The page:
“Inheritance tax is deeply unpopular because it is largely a tax on money which has already been taxed once and has often been accumulated over a life time with the intention to be left to family members.
The threshold of £325,000 has remained unchanged for sometime now and there are calls for the unpopular tax to be abolished or fundamentally reformed.
Exemptions are complicated and mean that it can be classed as a voluntary tax for the super rich.
Reform could be a vote winner for the Conservative party as we approach the election.”
- ‘Unjust’ inheritance tax is levy that Britons resent the most, poll by The Sunday Telegraph has found.
- Only scrapping the charge will tackle ‘fundamental distaste’ for its intrusion say financial experts
- Nearly half (43 per cent) of British adults think the levy on deceased people’s estates is unfair, according to a survey of more than 1,000 British adults carried out by Ipsos Mori last month.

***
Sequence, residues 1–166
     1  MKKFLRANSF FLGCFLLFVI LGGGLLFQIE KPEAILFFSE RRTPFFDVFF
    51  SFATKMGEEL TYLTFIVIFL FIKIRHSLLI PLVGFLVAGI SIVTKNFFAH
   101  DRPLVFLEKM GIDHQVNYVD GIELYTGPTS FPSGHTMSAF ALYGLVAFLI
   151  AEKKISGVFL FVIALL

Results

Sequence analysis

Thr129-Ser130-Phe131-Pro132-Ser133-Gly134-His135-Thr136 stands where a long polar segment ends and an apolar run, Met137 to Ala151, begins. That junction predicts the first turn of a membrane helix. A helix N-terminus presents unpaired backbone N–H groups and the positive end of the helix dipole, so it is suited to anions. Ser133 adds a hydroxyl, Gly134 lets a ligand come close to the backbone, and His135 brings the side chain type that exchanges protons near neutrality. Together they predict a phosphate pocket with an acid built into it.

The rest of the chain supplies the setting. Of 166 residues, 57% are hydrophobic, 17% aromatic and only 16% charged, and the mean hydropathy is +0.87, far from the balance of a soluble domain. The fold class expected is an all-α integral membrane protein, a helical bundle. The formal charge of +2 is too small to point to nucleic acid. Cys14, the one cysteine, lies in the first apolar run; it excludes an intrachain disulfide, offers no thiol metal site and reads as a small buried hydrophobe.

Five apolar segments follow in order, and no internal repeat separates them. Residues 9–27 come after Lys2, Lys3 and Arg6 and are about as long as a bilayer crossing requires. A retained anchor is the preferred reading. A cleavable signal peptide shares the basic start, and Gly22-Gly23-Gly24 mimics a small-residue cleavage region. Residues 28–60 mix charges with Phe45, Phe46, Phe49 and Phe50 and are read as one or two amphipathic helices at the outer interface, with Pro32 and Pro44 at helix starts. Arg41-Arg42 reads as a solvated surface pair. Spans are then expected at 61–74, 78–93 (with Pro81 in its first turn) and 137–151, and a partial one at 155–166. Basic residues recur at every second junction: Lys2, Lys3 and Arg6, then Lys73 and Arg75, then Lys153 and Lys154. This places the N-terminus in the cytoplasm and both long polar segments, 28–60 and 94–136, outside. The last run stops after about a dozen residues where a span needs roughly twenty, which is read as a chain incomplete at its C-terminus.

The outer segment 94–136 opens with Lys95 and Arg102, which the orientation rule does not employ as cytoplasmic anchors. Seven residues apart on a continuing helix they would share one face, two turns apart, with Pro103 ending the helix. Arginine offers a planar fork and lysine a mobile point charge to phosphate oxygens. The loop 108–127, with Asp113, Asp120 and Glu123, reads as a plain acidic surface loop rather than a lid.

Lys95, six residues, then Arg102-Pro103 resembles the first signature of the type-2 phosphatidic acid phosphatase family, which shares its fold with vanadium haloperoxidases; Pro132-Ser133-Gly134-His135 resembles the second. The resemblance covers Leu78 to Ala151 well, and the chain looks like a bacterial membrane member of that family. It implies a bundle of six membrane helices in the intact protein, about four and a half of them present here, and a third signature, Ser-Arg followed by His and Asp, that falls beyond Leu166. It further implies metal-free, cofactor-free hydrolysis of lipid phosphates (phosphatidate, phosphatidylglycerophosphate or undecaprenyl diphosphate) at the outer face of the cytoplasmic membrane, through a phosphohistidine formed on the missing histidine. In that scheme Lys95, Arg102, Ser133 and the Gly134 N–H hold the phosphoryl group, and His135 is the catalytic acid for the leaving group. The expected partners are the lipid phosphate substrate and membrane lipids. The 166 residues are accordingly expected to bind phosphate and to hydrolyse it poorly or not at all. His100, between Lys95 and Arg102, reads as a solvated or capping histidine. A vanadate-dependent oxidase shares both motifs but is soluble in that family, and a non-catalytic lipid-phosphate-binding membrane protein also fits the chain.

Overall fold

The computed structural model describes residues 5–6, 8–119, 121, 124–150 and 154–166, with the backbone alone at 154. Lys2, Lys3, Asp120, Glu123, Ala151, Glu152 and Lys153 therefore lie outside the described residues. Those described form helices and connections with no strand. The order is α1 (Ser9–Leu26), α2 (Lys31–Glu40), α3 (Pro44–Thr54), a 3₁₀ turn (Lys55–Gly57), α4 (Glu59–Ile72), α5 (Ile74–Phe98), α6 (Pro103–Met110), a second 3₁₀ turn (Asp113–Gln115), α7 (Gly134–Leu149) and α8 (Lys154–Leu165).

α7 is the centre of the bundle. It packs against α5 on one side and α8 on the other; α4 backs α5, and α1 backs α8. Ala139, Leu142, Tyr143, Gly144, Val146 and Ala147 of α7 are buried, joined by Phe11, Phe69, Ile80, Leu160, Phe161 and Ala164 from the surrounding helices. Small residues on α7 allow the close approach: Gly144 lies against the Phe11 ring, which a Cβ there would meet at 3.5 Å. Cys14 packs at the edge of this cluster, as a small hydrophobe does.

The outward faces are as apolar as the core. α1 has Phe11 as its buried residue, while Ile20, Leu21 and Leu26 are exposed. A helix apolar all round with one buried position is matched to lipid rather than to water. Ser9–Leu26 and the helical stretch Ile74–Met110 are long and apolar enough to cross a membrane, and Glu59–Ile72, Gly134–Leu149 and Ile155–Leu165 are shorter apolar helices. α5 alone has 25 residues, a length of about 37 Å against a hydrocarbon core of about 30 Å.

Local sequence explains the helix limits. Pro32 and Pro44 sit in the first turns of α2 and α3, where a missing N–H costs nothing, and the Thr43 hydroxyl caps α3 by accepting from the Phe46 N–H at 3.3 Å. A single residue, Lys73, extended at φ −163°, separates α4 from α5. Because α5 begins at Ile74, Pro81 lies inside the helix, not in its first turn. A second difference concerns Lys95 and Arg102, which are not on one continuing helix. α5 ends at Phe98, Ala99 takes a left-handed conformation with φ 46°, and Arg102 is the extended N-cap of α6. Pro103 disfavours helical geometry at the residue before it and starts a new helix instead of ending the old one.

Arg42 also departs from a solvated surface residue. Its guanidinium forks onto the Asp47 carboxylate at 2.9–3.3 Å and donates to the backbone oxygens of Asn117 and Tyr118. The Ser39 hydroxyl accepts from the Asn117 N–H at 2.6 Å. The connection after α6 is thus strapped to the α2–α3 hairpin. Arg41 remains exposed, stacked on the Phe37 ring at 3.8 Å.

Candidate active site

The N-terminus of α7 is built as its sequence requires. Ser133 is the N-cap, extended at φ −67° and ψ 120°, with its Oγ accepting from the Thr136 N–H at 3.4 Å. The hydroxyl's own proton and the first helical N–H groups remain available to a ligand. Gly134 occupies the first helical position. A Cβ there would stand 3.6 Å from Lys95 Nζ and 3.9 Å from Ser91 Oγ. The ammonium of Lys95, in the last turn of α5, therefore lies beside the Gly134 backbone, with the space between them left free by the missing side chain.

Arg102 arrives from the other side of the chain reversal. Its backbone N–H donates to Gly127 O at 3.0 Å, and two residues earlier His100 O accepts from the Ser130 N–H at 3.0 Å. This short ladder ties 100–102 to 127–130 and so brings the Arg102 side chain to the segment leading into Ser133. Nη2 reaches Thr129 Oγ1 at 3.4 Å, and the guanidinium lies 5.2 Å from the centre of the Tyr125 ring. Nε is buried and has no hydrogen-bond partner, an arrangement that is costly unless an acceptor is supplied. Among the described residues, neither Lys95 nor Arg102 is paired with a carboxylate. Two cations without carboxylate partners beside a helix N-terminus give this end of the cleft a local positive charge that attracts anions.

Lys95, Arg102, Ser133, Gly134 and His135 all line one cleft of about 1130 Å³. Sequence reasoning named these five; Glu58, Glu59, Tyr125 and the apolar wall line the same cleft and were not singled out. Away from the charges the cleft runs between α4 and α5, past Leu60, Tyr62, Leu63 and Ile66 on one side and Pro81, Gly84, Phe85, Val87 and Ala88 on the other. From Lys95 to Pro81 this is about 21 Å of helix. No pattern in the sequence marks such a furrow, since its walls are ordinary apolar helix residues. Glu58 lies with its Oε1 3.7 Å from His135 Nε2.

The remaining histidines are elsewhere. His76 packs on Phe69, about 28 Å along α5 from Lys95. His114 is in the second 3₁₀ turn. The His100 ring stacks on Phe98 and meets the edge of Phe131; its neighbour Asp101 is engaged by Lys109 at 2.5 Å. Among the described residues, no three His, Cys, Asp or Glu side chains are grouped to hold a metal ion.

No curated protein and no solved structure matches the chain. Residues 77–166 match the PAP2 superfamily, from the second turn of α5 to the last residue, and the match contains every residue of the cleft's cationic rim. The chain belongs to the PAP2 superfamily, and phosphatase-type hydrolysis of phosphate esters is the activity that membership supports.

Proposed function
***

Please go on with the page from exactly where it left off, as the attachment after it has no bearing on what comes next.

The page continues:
- It was closely followed by council tax and fuel duty, deemed unfair by 40 per cent. The “most fair” taxes were those on higher earners, tobacco and alcohol.
- £8.4bn expected to be raised within 5 years.
- The number of families forced to pay the tax – charged on estates worth more than £325,000 – has almost doubled since the Conservatives came to power.
- the so-called “seven-year rule” allows families to give away sums of unlimited value as long as they survive the gift by seven years. But this is of little use to those whose wealth is mainly tied up in property.
- Estates of £1.5- to £2 million pay an average tax rate of 20 per cent, estates worth more than £7.5 million pay 17 per cent on average as a result of tax reliefs such as breaks on agricultural land or higher-risk shares.